All F&B outlets I saw were at-the-counter service with limited menu selection and quite reasonable (too cheap?) prices. The interior design is on the simplistic side and did not visibly get visitors too excited. Even the giant starship restaurant, which looks really cool from the outside felt like a basic shopping mall food court inside.

On the retail the side my main observation is the lack of generosity in the merchandising. Shelves are not full and the range of products is very limited, even for BoBoiBoy and Smurfs for which you would think there are a lot of cool existing products to choose from.

And as far as entertainment is concerned it is a bit light for the time being without the Dream Zone. The Center Stage located in the heart of Animation Square is where small shows happen every 30min. In my time in the park I saw a short hip-hop dance number by a local group and a sing along by the park’s international and local talent crew. The main issue is the poor stage design, which makes it hard to see (especially at night) and to pull in the crowd.

After spending a few hours in the park I realized one thing missing was a good sound system to provide a sense of immersion. It just wasn’t consistent and often times contributing to a sense of emptiness or incompleteness of the park, in Animation Square for example.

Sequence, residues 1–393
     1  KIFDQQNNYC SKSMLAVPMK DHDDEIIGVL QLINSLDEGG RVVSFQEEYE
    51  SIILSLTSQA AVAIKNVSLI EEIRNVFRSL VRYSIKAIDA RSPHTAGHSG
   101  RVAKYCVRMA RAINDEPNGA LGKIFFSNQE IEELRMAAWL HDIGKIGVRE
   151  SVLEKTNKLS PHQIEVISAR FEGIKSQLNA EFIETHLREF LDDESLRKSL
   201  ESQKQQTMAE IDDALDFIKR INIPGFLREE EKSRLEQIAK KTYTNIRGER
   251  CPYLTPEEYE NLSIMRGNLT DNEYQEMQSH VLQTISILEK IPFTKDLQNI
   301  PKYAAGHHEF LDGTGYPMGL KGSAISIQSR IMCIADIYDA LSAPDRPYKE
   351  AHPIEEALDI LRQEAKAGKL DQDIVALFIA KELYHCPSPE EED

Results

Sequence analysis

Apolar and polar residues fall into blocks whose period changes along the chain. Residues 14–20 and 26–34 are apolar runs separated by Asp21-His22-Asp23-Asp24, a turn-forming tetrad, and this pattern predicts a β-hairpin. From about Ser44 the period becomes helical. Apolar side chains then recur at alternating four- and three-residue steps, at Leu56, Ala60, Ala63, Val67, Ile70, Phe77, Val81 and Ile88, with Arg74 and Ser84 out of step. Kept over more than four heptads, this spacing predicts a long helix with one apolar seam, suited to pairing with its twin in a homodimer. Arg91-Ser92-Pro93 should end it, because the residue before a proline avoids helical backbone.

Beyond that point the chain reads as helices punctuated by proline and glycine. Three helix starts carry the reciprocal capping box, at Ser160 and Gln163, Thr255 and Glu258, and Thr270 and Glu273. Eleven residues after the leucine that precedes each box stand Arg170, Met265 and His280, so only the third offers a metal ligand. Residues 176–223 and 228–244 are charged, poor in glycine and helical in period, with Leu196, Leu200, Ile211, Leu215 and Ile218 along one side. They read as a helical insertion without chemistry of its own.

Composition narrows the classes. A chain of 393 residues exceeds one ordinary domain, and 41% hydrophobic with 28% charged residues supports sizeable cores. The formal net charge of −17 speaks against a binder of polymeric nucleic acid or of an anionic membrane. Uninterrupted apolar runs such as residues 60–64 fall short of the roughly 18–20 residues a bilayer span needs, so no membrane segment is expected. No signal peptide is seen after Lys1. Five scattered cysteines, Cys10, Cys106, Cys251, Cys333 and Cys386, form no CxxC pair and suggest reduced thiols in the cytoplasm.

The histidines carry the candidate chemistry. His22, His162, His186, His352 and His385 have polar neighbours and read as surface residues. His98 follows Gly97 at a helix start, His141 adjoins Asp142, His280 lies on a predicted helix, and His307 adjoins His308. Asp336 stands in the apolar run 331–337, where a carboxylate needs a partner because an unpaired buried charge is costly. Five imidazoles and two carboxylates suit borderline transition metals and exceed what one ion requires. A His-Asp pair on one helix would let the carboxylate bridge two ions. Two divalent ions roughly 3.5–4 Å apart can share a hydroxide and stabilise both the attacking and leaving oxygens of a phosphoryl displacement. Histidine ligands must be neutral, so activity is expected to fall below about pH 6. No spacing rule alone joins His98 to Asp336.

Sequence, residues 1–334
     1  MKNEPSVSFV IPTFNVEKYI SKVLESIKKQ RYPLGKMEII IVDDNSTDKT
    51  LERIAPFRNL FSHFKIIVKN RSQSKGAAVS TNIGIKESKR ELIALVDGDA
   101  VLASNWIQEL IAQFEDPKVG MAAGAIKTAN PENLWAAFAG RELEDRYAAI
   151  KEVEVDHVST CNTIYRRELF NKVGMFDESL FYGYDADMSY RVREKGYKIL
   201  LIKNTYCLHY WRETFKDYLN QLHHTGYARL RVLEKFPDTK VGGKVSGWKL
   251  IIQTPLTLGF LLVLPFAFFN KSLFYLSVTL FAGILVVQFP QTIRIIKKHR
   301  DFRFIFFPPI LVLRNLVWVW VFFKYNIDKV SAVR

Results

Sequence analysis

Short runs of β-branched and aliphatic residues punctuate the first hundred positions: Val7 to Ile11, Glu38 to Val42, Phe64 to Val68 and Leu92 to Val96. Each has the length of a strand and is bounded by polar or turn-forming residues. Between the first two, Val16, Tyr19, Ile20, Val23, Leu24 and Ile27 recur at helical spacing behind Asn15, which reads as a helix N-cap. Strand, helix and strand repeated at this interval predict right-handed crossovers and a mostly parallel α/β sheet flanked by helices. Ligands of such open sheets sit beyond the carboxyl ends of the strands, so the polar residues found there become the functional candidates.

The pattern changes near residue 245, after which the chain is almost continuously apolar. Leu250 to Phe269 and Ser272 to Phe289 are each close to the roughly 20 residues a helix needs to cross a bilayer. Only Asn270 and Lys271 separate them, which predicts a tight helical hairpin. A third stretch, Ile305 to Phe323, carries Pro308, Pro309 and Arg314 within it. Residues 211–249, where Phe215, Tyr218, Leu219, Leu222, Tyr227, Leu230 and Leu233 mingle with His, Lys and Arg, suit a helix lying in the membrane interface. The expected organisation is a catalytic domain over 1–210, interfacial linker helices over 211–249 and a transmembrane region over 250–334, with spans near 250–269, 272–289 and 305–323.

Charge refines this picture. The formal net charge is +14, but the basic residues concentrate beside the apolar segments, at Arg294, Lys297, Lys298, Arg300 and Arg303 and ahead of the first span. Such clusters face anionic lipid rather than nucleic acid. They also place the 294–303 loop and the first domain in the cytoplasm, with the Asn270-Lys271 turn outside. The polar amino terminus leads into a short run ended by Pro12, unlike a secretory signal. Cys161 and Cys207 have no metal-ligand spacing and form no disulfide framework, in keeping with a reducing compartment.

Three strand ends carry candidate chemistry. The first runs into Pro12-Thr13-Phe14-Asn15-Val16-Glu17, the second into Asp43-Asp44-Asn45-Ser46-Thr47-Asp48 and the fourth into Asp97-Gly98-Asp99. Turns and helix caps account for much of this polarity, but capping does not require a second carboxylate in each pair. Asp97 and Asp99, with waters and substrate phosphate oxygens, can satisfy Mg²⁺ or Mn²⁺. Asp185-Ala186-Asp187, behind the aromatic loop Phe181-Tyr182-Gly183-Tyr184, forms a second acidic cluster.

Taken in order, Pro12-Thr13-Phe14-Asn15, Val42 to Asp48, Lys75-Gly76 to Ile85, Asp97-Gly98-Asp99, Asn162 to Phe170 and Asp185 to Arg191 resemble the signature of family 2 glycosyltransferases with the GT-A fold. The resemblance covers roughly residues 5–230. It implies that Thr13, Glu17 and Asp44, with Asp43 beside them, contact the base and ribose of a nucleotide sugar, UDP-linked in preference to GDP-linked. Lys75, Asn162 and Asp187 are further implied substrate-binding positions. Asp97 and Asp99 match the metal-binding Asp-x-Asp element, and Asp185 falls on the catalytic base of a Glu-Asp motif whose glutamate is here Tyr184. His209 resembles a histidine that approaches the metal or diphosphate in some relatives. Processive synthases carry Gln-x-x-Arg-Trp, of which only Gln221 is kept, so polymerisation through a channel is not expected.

One last note before the final judgment, on the visitors profile. A majority of them were Malay and to my surprise more middle-up than middle-low. This means a lot for the overall atmosphere and the future potential of the park: more ancillary revenues, more attractive for international visitors, more rewarding for staff, etc.

And now the final judgment! Overall I am feeling very positive about Movie Animation Park Studios. Of course the price, even at RM131 (USD30), was way too high for the little that was open when I visited but I would definitely give it another chance because what I saw was a great insight into what this park can become IF (and it’s a few big IF’s):

  • The staff remain as friendly, helpful and professional
  • The show content is improved and refined (sound system, better scripts, bilingual)
  • The F&B offering caters more to a middle-up crowd
  • The park fills up with more retail, more music, more mascots, etc